New Laws Authored by Senator Fuschillo Will Prevent Prison Inmates from Accessing Consumers’ Private Information & Prohibit Pay Per Call Prize Schemes
Senator Charles J. Fuschillo, Jr. (R-Merrick) today announced that legislation he sponsored to safeguard consumers has been signed into law by Governor Andrew Cuomo. The new laws will prohibit prison inmates from having access to consumers’ private information and prohibit pay per call prize schemes in New York State.
"I applaud Governor Cuomo for signing this legislation and working with us to protect consumers. Prison inmates have no right to the access of an individual's social security number. Consumers should also not be preyed upon by scam artists that swindle them into paying exorbitant fees. These new laws will help prevent residents from being victimized by scam artists and criminals," said Senator Fuschillo.
The first law authored by Senator Fuschillo will prohibit prison inmates from being employed in any capacity that affords them access to the collection or processing of social security numbers. For years, a number of data companies and information brokers have employed prisoners to compile and enter sensitive identifying information into databases, which could greatly increase the risk of identity theft. The law takes effect on November 12, 2012.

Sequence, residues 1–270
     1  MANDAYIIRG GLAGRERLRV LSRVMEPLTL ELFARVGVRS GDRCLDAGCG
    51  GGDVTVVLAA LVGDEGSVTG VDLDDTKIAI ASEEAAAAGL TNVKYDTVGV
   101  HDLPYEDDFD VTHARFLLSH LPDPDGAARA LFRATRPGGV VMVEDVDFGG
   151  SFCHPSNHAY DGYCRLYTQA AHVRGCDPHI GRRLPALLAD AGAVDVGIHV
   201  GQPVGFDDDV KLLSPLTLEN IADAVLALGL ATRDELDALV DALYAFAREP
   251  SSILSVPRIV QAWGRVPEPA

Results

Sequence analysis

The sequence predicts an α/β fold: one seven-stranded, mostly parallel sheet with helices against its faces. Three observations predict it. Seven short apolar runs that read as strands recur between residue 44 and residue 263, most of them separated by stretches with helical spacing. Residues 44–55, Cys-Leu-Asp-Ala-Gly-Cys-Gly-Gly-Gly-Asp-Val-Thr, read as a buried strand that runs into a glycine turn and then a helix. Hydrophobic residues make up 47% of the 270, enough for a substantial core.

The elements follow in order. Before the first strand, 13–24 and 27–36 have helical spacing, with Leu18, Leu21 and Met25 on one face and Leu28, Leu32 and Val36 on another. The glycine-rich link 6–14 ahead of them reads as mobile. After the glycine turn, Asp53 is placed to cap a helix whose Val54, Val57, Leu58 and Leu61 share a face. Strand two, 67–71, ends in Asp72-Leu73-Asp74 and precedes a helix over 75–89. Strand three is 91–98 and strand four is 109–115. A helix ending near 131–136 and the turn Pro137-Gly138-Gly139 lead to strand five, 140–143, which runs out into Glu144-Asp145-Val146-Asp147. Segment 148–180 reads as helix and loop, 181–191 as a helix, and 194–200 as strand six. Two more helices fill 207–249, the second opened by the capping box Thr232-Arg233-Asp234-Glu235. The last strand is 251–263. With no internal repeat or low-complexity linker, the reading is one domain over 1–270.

The second law authored by Senator Fuschillo will make pay-per-call prize schemes illegal in New York State. Pay-per-call prize schemes occur when a consumer receives a recorded phone call alerting them that they have won a prize. In order to claim the prize, consumers have to call a number, but they are often not told that it is a toll number which typically carries a rate of $9.95 per minute. The consumer is typically put on hold, left to listen to a long pre-recorded message or led through a maze of prompts. Oftentimes, the cost of the call exceeds the value of the prize.
The new law will prohibit companies from holding a contest in which a pay-per-call service is needed to claim the prize and the consumer is charged a higher fee than is assessed by a telephone company regulated by the Public Service Commission. The law takes effect on September 13, 2012.